The story of our fascination with dinosaurs does not even start with science. From ancient China to what is now the American West, people of various cultures found and interpreted the bones of dinosaurs long before paleontology—the formal study of fossilized plants and animals older than 10,000 years old—was even a concept. The word dinosaur didn’t exist until 1842, when famously cantankerous anatomist Richard Owen used the name to group together a trio of weird fossil reptiles that had turned up in England. “Dinosaurs” quickly became a pawn in a power play when paleontologists Edward Drinker Cope and Othniel Charles Marsh started up the “Bone Wars” of the late 19th century, competing to name new dinosaurs and other fossil creatures to win the title of America’s preeminent paleontologist. It was hardly about the pure pursuit of the truth, especially when the men were so rushed to publish that Cope famously placed the skull of the marine reptile Elasmosaurus on the end of the tail and not the neck —a mistake he attempted to hide by trying to reacquire all the journal preprints showing the wrong reconstruction lest he look like a bonehead.
The fact is that it’s impossible to get a modern rendering of a dinosaur exactly “right.” Today, when you picture a dinosaur you’re relying part on evidence and part on imagination—even if you’re a strict book reader and museumgoer. The scientifically vetted dinosaurs of exhibits and nonfiction books necessarily exist at the intersection of science and imagination—otherwise, our relationship with dinosaurs would be restricted to bland descriptions of old bones that would seem to have little to do with living animals. For all we’ve come to learn about dinosaurs, we still know vanishingly little. We don’t know what color most dinosaurs were. We don’t know what most dinosaurs sounded like. We don’t know what time of year different dinosaurs mated in or what their courtship looked like. We don’t know what many dinosaurs ate beyond “meat,” “plants,” or “some of both.” So much basic biology that is readily observable among living species is hard-won when it comes to the fossil record. If we honored accuracy among all else, no one would dare draw a stegosaurus as anything more than immaculately clean permineralized bones.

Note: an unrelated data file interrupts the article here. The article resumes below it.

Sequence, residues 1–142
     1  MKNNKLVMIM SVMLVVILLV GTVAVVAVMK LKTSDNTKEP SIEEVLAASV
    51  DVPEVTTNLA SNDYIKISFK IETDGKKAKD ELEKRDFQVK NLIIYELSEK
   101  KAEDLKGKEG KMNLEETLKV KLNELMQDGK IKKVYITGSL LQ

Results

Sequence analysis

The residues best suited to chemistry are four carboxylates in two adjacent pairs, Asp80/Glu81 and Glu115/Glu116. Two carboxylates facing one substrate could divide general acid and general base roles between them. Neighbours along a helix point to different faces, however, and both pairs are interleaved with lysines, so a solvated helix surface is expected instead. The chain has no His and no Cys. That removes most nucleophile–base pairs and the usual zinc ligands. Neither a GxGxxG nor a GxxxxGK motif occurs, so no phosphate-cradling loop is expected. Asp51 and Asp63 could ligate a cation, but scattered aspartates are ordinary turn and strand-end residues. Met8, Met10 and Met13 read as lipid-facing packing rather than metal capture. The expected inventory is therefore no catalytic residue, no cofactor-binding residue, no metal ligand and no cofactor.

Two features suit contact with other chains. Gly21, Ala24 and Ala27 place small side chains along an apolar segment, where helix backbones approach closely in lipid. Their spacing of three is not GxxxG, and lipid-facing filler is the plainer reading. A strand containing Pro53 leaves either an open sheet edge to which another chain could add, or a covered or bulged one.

Even mainstays like the very, very well researched T. rex can look different depending on who you’re asking. I ran smack into the maw of this realization when I visited a pair of traveling museum exhibits: T. rex—The Ultimate Predator at the American Museum of Natural History and Sue: The T. rex Experience at the Denver Museum of Nature and Science. Both boasted full-size, artistic re-creations of what the real T. rex looked like in life. And they were fundamentally different. Two teams of artists, both advised by scientists for major museum exhibitions, had come up with two vastly divergent interpretations of the same species. The New York version had wrinkly, bright orange skin and a mane of protofeathers running up its back, drooling jaws open as if the dinosaur were about to jump into a stirring rendition of The Muppet Show theme. The Denver dinosaur was pale, scaly with nary a plume to be seen, with an overall chunkier and smoother look. Perhaps you could try to tally up which was more accurate—but even that could require a panel of ultimately subjective judges, and produce a verdict that might shift over time.
Yes, some renderings of dinosaurs are clearly unscientific, failing to hue to basic facts we know for certain. Having T. rex and the carnivore Giganotosaurus fight each other in the Jurassic World prologue is, from a scientific perspective, so incorrect that even dino-infatuated kids can tell you that never would have happened. But the fact is that what a dinosaur represents is always in the eye of the beholder, whether that’s a graduate student or a kid in a sandbox playing with plastic toys. Dinosaurs come alive because we come together to imagine them, with all the different angles and disputes that shared dreaming can bring. I love to see the actual remains of once-living creatures that embody extinction, evolution, and Deep Time. That doesn’t interfere with me rooting for my favorite dinosaur-style monsters as they rip and tear across the screen.